19. 8 points
    How in the hell are you people still talking about this stupid shit? How much is there to say about it? I haven’t read most of this and I never will but isn’t the point on the one side that humblebragging about your grades when you know damn well they’re good makes you an insufferable tool and on the other side that if you’re not actually humblebragging but actually need feedback then the fact other people on a message board may be jealous/sad shouldn’t stop you because they’re grown people? Both of these points are correct and it’s pretty easy to tell when somebody is humblebragging/compliment seeking or whether they have a legit question. May god have mercy on all of your souls. Jesus Christ.
  20. 8 points
    OP, I've posted on the forum previously about my (non) hire-back experience, but I thought I could reiterate some points here. I was not hired back because the firm simply did not have a business case for taking me on in my chosen area of practice. I took it pretty hard at first because I loved the firm and I got on very well with most of the lawyers there. I really had my heart set on practicing there and was pretty upset when it didn't work out. After finding out the bad news I took a weekend to wallow - then I came up my comeback plan. First, I decided that I needed to leave the firm with a rock solid reputation. The Canadian bar is small (especially in IP) and you need to make sure your reputation is sparkling. I went back to work on the Monday and ensured that every task I had was completed to perfection. Second, I knocked on the doors of junior lawyers who were not hired back at their previous firms, but who landed at the firm I articled at. I asked them about strategies they had used to find the job. If anything it helped me to "buck-up". They also had a unique understanding of what I was going through and offered to do anything they could to help find me a firm that was hiring. Third, I knocked on the doors of partners who I had worked for and who I had gotten along very well with. I asked them if they would be open to providing me with reference letters for my future applications. Once they agreed I immediately came up with some sort of deadline for the letters. You want these before you leave the firm, otherwise they will be very difficult for you to get. I also asked partners if they would keep an ear out for me for positions. I actually had several calls put in for me this way and it lead to a couple of interviews for positions that were not posted. Fourth, I emailed everyone I knew who may have connections or leads on firms that were hiring. I had several colleagues who I had met during law school who were first or second year associates at various firms - these connections proved to be invaluable. They passed my name on to their colleagues and after about a week I had coffee set up with 4th or 5th year associates at many firms who ultimately asked if I would like them to pass on my CV to the partners at their firms. After two weeks I had several interviews lined up and a month later I had landed what I would consider my dream job on Bay street. All of that happened before I my articling term finished. Sit down, come up with a plan and work your contacts. It could take a month it could take six months but if you keep at it you will find something.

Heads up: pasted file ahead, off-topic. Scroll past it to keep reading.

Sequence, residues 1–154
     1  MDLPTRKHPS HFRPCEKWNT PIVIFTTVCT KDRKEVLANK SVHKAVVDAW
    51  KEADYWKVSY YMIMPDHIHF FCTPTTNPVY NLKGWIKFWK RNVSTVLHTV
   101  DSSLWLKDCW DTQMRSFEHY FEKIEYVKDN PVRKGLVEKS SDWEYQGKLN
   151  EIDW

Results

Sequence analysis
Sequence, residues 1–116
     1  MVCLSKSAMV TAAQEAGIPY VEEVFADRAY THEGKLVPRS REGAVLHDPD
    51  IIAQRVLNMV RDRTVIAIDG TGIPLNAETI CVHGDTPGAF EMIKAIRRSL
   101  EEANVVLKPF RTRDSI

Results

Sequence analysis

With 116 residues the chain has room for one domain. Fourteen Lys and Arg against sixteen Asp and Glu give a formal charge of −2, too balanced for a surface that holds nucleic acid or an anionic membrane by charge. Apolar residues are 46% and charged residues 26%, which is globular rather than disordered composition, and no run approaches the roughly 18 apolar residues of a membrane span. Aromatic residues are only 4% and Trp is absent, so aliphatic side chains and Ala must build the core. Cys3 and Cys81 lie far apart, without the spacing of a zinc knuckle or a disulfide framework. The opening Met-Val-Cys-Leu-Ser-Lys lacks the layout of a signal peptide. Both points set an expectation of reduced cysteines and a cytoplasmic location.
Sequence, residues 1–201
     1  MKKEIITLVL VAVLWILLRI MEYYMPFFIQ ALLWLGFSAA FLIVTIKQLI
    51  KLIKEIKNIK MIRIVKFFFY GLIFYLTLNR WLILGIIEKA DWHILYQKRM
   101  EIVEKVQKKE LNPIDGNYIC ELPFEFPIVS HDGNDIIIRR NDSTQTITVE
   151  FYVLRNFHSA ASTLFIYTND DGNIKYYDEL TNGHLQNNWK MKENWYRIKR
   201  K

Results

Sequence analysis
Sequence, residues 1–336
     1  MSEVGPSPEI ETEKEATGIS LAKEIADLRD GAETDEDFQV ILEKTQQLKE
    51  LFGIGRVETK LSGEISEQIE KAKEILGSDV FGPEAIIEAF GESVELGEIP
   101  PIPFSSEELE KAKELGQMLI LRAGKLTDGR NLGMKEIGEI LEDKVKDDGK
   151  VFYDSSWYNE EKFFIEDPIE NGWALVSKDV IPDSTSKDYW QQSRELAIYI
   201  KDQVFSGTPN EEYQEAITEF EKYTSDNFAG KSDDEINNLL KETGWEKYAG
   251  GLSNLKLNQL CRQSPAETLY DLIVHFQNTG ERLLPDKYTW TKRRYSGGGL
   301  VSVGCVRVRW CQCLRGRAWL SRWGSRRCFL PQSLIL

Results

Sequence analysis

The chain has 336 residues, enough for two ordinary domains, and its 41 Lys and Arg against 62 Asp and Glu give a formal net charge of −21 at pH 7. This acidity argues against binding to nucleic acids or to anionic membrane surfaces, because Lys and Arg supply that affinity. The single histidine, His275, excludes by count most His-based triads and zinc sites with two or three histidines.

21. 8 points